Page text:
– From futuristic to holistic: Why athletes and nutritionists choose whole foods

Vancouver-based jiu jitsu practitioners and health enthusiasts Eric Ng and Derek Graebel weren’t always in top physical fighting condition, but thanks to a change to their dietary habits, both have been able to shed more than just body weight.

After making a decision to follow a growing trend to eliminate processed foods including gluten, dairy, and refined sugars from their diets, the dedicated athletes have seen nothing but positive changes — not only to their body composition but also to their general quality of life.

“For the longest time I thought I was eating reasonably healthy: whole grain bread products, milk and yogurt, trying to reduce saturated fat intake and opt for low fat options, eating mostly chicken because of the ‘health risks’ associated with red meat,” recalls Graebel. After changing his diet over a year ago, he dropped 20 pounds and saw an increase in muscle strength.

It seems that after decades of encouraging the consumption of fat-free, low fat, and chemically-modified foods, the diet industry is taking a step away from the futuristic, and towards a more holistic approach that resembles the eating habits of our ancestors.

While the Standard American Diet (SAD) and the Food Guide Pyramid introduced by the United States Department of Agriculture (USDA) in the 1980s have been staples of many traditional nutritionists’ toolkit, registered holistic nutritionist (R.H.N.) Stacey Bishop says that the once-revered dietary model is actually responsible for a decline in the over-all health of many North Americans.

“Many are moving away from the SAD model because for the most part, it isn’t working. Incidences of obesity, diabetes, and heart disease continue to rise,” explains Bishop, who graduated from the Canadian School of Natural Nutrition and opened the school’s Calgary location in 2001.

Bishop clarifies that the SAD model is flawed in its recommendations because it is too general:

“It doesn’t take into account the individual’s biochemical uniqueness, existing health conditions, lifestyle, outlook on life, and emotional state of mind. It simply doesn’t take a holistic approach to nutrition, and as a result, it doesn’t work for the majority of the population.”

“That’s why people are seeking alternatives. People are sick and tired of feeling sick and tired.”

So what does a diet that propagates illness and exhaustion look like?

Carbohydrates make up about 50 per cent of the SAD model, while fat sits at 35 per cent, and protein at only 15 per cent. Although those numbers were once considered acceptable, new research shows that such amounts do not provide the sufficient vitamins and nutrients necessary to properly fuel the human body while also fending off illness and disease.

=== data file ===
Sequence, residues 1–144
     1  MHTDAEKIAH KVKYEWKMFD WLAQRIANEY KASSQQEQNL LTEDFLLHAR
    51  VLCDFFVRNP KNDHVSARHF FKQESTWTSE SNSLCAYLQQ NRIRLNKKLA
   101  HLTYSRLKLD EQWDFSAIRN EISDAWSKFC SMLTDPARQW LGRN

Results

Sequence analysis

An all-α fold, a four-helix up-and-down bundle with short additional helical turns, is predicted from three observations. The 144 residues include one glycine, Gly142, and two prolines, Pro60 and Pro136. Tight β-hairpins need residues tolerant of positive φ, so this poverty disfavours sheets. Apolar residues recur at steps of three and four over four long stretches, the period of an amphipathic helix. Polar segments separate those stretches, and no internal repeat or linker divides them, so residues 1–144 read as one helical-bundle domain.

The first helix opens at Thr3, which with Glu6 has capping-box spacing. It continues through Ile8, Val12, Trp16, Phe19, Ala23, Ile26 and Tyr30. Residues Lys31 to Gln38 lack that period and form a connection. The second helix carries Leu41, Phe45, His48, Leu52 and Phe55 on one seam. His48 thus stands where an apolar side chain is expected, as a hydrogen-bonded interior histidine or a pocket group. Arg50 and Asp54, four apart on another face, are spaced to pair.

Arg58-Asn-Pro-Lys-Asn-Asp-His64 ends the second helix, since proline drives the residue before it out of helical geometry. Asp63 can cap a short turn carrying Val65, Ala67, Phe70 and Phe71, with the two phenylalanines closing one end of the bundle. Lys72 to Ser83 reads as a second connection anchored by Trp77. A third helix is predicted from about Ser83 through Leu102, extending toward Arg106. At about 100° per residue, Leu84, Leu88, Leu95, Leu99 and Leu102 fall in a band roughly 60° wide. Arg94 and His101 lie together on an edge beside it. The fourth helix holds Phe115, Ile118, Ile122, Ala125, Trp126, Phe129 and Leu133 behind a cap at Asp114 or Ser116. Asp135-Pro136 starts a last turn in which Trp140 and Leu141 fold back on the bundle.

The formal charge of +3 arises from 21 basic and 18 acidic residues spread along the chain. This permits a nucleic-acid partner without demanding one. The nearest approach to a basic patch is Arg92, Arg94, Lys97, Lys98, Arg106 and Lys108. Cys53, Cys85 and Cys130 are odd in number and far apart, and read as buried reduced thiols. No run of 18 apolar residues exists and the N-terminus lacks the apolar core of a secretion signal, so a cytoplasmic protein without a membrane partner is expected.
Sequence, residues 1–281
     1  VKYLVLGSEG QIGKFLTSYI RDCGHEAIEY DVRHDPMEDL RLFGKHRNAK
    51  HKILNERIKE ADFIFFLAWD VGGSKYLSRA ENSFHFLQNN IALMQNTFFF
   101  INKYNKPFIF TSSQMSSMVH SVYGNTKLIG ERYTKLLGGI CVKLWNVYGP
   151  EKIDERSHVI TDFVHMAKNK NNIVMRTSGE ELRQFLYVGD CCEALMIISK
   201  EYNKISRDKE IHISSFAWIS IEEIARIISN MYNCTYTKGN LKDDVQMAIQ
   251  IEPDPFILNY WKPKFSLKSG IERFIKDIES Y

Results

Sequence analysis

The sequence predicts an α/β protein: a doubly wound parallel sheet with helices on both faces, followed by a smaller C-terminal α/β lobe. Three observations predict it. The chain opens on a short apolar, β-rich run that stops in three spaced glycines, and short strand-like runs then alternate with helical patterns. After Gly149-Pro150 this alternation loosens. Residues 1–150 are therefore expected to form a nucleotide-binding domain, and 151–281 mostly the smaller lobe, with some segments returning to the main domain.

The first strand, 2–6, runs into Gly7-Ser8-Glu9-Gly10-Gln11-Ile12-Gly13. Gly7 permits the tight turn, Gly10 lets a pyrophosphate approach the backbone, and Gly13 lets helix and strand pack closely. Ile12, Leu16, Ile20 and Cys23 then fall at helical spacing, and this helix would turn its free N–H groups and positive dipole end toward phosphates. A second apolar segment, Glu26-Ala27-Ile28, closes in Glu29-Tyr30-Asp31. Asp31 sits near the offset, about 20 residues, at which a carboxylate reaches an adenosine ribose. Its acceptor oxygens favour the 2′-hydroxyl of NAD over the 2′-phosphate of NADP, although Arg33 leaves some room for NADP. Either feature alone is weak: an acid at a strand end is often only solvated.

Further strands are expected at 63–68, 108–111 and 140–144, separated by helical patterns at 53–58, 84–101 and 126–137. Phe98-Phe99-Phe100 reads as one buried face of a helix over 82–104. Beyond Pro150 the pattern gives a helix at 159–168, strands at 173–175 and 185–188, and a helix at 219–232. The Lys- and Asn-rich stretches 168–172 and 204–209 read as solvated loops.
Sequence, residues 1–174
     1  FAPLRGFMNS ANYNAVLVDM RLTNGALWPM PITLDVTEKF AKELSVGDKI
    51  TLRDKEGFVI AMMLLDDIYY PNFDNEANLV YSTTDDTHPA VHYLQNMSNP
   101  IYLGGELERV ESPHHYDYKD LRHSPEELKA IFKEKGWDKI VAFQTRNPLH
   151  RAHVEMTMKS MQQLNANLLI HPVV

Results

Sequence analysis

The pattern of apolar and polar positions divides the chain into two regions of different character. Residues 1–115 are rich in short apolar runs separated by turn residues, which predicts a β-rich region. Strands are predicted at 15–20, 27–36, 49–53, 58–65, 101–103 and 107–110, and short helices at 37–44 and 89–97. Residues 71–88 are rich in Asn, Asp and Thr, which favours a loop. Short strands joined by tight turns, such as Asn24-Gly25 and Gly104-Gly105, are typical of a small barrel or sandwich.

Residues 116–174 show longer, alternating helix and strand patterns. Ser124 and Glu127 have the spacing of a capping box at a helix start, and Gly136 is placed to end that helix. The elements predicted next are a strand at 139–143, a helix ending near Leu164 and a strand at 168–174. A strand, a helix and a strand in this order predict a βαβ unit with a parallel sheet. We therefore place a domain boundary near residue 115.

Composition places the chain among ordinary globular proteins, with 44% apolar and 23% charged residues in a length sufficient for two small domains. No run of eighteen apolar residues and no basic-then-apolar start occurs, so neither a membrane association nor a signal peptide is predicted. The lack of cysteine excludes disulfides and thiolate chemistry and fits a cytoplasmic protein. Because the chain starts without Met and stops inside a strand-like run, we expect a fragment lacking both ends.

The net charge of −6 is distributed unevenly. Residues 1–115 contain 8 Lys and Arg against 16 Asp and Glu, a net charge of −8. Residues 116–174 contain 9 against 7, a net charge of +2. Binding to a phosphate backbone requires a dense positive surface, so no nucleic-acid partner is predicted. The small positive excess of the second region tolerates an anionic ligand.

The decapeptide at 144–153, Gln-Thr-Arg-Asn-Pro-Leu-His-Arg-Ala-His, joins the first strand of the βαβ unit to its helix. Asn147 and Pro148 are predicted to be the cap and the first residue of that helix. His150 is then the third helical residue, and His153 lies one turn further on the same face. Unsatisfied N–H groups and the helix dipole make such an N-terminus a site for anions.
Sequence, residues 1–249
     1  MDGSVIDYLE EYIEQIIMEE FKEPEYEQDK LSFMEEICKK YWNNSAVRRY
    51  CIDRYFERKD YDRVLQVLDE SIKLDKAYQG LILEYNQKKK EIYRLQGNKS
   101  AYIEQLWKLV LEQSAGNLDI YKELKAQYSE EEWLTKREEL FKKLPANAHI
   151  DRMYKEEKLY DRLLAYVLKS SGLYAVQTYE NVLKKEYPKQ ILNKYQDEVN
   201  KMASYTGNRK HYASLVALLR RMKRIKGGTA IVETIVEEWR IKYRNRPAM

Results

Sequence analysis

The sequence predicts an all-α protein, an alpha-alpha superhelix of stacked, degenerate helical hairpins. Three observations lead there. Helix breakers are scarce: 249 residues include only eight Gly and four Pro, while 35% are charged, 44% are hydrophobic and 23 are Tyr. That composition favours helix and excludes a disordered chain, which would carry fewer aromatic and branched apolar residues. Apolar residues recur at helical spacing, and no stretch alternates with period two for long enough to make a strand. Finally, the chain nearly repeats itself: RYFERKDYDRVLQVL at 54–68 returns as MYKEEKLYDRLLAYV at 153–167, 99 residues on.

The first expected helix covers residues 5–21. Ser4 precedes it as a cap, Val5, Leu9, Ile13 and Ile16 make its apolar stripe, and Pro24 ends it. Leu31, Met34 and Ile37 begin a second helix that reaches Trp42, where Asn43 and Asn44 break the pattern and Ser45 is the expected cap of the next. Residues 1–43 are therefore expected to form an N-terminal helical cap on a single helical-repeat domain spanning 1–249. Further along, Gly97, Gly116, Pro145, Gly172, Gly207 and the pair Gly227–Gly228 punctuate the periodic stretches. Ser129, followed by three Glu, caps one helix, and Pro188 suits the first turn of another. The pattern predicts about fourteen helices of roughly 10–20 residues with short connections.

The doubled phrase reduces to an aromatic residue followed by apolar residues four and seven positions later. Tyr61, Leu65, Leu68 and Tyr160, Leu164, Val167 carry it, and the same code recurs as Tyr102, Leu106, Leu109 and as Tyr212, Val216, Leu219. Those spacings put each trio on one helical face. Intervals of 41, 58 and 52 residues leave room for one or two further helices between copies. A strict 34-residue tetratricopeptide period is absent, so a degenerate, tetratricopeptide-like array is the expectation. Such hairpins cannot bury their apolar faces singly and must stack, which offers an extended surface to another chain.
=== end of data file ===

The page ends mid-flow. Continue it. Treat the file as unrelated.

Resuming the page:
“The SAD model largely consists of processed and refined foods which are lacking in nutritional value. Low fat and fat-free foods do not contain natural flavour, and as a result, chemicals are added,” imparts Bishop.

“The discussion should really be about whether people are choosing healthy fats, because they are essential for brain and nerve function and for the absorption of fat-soluble vitamins.”

Bishop says that the majority of her clients come to her seeking help with weight loss and digestive problems; her recommendations vary depending on the symptoms and history of each individual patient. Although it has been argued by some, Bishop contends that many people are either sensitive or allergic to dairy and gluten, and she encourages many clients to seek alternatives.

Stacey Deering, also an R.H.N. in Calgary, explains that while there has been a move away from both dairy and gluten, there are better choices for those who would still like to include these types of food in their diet.

“There are good options for dairy — such as raw milk, unpasteurized cheeses, kefir, and full fat yogurt. I suggest sprouted grains [for those without gluten allergies] as they are easier on digestion. I do recommend gluten-free grains over gluten-containing grains if a client chooses to keep grains in their diet,” advises Deering.

“A great number of our population has started to correlate diet with health and wellness. Health advocates are pushing whole foods to prevent disease, and with more media, there is more interest.”

Indeed, both Ng and Graebel found their way to healthier eating habits, after hours of self-guided internet research and adhering to recommendations from a number of professional athletes and public figures who ditched their time-sensitive diet plans and opted for lifestyles that include whole foods and regular physical activity.

Graebel, who practices jiu jitsu with Ng, has noticed positive changes in all of his active hobbies since adopting a dietary model comprised entirely of whole foods. He noted that at periods during which he was too overwhelmed to keep up with his healthy eating habits, he noticed a regression in both his ability to concentrate and his energy levels during jiu jitsu.

“Learn to cook in large batches. Crockpots and pressure cookers are great,” recommends Graebel, who utilizes such appliances on a weekly basis to make chilies, roasts, and soups from scratch.

Aside from weight loss, Ng has also experienced positive changes to his body, including a decrease in illness and injuries.

“Everything gets a little better when you put proper fuel in your body. What gets forgotten is how much healthy food aids in healing, lowering inflammation, and preventing injury.”

Ng reaffirms that eating healthy is a “lifestyle” and not for those who aren’t dedicated.

“There are no quick ways to go about it. You can’t put yourself up to an impossible-to-follow nutrition plan if you don’t have the time to do all the necessary prep work. This means you have to dedicate time to learning to cook.”

“It’s a learning experience. If you mess up, shake it off and get back on it.”